On his part, the Secretary of the Lagos State chapter of NANNM, Toba Odumosu, said, “We reject that directive outright, but we will be meeting soon on the way forward on the matter.”

The Secretary of the Oyo State chapter of NANNM, Aina Oluwasegun, said, “The state executive members will meet soon to decide on the directive.”

Speaking exclusively with one of our correspondents on Friday, Nnachi said the council’s directive was meant to frustrate nurses from seeking greener pastures.

He stated, “The directive is very embarrassing. It’s an attempt to frustrate the nurses from seeking greener pastures and self-development. It is really embarrassing but we will take measures to look at it.

“The directive has consequences on practicing nurses, student nurses, and even those who aspire to be nurses; this is discouraging, and it will discourage them. It is frustrating.”

When asked about addressing the issue, he said, “At the leadership level, we need to come together and discuss. It is not a personal decision; we need to look at issues holistically, and then we will make decisions on that. It is something that concerns every nurse; it is not something that an individual will decide on. We all need to look at the directive.”

Nnachi, however, urged the Federal Government to provide a comfortable working environment and better pay for nurses to reduce brain drain.

He noted, “If the government wants to curb brain drain, they should do what we need and make nurses comfortable in Nigeria and give them a special salary package, which will be called enhanced nurses’ salary structure, and review their salaries and professional allowances.

“The reason is that in today’s society and economic condition, everyone will testify that nobody is coping well.”

Meanwhile, nurses have set up different WhatsApp groups to mobilise their colleagues to challenge the action of the council.  Some of the nurses met in Abuja on Friday and decided to go to a radio station to vent their anger over the council’s directive.

At the radio station, a representative of the nurses, whose name was not given for fear of a witch-hunt by the authorities, said, “We won’t agree to the directive. The aim is to keep us in perpetual slavery, which we won’t agree to.”

It was gathered the nurses were also planning rallies across the country.

In its reaction, the Federal Medical Centre, Yenagoa chapter of the NANNM, said in a document addressed to the national headquarters by its Secretary, Donkori Menizibeya, “Our members have received the content of this circular with great displeasure, describing the circular as not only a decision against the general wellbeing of nurses in Nigeria in the face of paltry remuneration and poor working conditions but also as a deliberate attempt by the government to infringe on the fundamental right of Nigerian nurses.

 “The situation at the moment has put the association in a state of crisis, and we foresee greater danger and chaos if immediate action is not taken.

“The Nigerian government is aware that it lacks legal grounds to prohibit Nigerian nurses from migrating amid the country’s current hardship and poor health system. Thus, has strategically resorted to using our regulatory bodies to freeze the potential of Nigerian nurses.

“Our members demand that this anti-nursing circular be withdrawn immediately as strategic policies such as this must not be detrimental to the professionals it is supposed to benefit, and hereby call on the national headquarters of our association to rise to the task and must now swing into action to ensure that the welfare and rights of Nigerian nurses are protected.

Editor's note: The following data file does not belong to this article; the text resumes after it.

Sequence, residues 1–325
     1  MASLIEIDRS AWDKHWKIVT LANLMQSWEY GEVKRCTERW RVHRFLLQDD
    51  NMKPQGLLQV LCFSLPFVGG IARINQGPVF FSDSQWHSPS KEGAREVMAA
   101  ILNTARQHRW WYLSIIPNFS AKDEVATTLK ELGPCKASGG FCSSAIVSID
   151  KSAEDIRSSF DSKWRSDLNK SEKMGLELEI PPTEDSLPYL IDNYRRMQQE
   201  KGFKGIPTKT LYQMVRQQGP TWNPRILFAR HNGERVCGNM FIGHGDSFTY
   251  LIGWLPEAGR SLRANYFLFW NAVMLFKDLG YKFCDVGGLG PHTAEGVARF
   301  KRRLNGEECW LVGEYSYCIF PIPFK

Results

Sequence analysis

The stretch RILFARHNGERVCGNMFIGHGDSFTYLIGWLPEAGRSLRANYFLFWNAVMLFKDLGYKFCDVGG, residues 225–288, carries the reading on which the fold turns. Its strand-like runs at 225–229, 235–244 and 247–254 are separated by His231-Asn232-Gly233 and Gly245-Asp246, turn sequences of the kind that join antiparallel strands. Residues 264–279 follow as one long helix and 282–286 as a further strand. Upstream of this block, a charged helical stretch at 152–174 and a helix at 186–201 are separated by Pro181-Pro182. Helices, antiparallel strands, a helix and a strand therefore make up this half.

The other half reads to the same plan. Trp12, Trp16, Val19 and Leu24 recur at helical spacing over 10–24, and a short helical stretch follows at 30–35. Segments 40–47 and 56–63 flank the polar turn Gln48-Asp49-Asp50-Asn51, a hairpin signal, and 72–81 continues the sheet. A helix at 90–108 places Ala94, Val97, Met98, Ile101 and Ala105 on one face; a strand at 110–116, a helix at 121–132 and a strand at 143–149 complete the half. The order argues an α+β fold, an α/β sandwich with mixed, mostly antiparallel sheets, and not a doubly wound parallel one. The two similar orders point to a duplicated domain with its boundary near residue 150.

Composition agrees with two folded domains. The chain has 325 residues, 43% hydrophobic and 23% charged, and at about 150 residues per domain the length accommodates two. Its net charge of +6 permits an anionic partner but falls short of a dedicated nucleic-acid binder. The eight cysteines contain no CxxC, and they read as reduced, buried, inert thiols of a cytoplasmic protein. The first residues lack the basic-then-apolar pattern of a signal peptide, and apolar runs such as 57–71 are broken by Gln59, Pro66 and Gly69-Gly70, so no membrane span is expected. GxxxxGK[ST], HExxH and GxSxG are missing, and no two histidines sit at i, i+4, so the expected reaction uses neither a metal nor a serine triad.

“Nursing leaders need to go back to the drawing table and make necessary corrections as a matter of utmost importance and urgency, and the onus now falls on the NANNM to be the non-violent driving force in correcting this anomaly before us today.”

Similarly, the Ebonyi State Council of the association, in a letter to the national body, said login into the portal and paying a non-refundable fee for verification of certificates by applicants was acceptable and commendable, but rejected the two-year experience after the issuance of permanent practicing licence before applying for verification, adding that it was more like enslaving its members against their wish.

In the letter signed by the state Chairman, Obasi Bornbless, and Secretary, Nwoke Chimezie, the body said, “Such rule or guideline will be more achievable if the government had sponsored the person(s) education and also have an outstanding bond or Memorandum of Understanding to substantiate this kind of decision, and not to be enforced on someone that solely sponsored his/her education on hard labour or loan assistance.

“People get educated for so many reasons, one of which is for greener pastures in a favourable and conducive environment where their needs will be met.”

It also faulted the request for a letter of good standing from the CEOs of the applicants’ places of work, especially for those working in hospital settings, describing it as derogatory and demeaning to the nursing profession in Nigeria, adding that the letter should rather come from the heads of nursing of the respective institutions.

“The government should be more concerned about improving the working condition of nurses and other health workers other than stopping the japa syndrome without any plan to improve factors that greatly contributed to it,” the chapter noted.

The Ondo State chapter of the association in rejecting the directive said in a letter by its Chairman, Orobode Felix, that nurses across the country were facing the dual challenges of being underpaid and having inadequate welfare benefits, adding, “As independent professionals, nurses possess the right to practice in any part of the world. Imposing restrictive measures in an attempt to keep them within the country is both unacceptable and should be vehemently condemned.”

Leave a Reply

Your email address will not be published. Required fields are marked *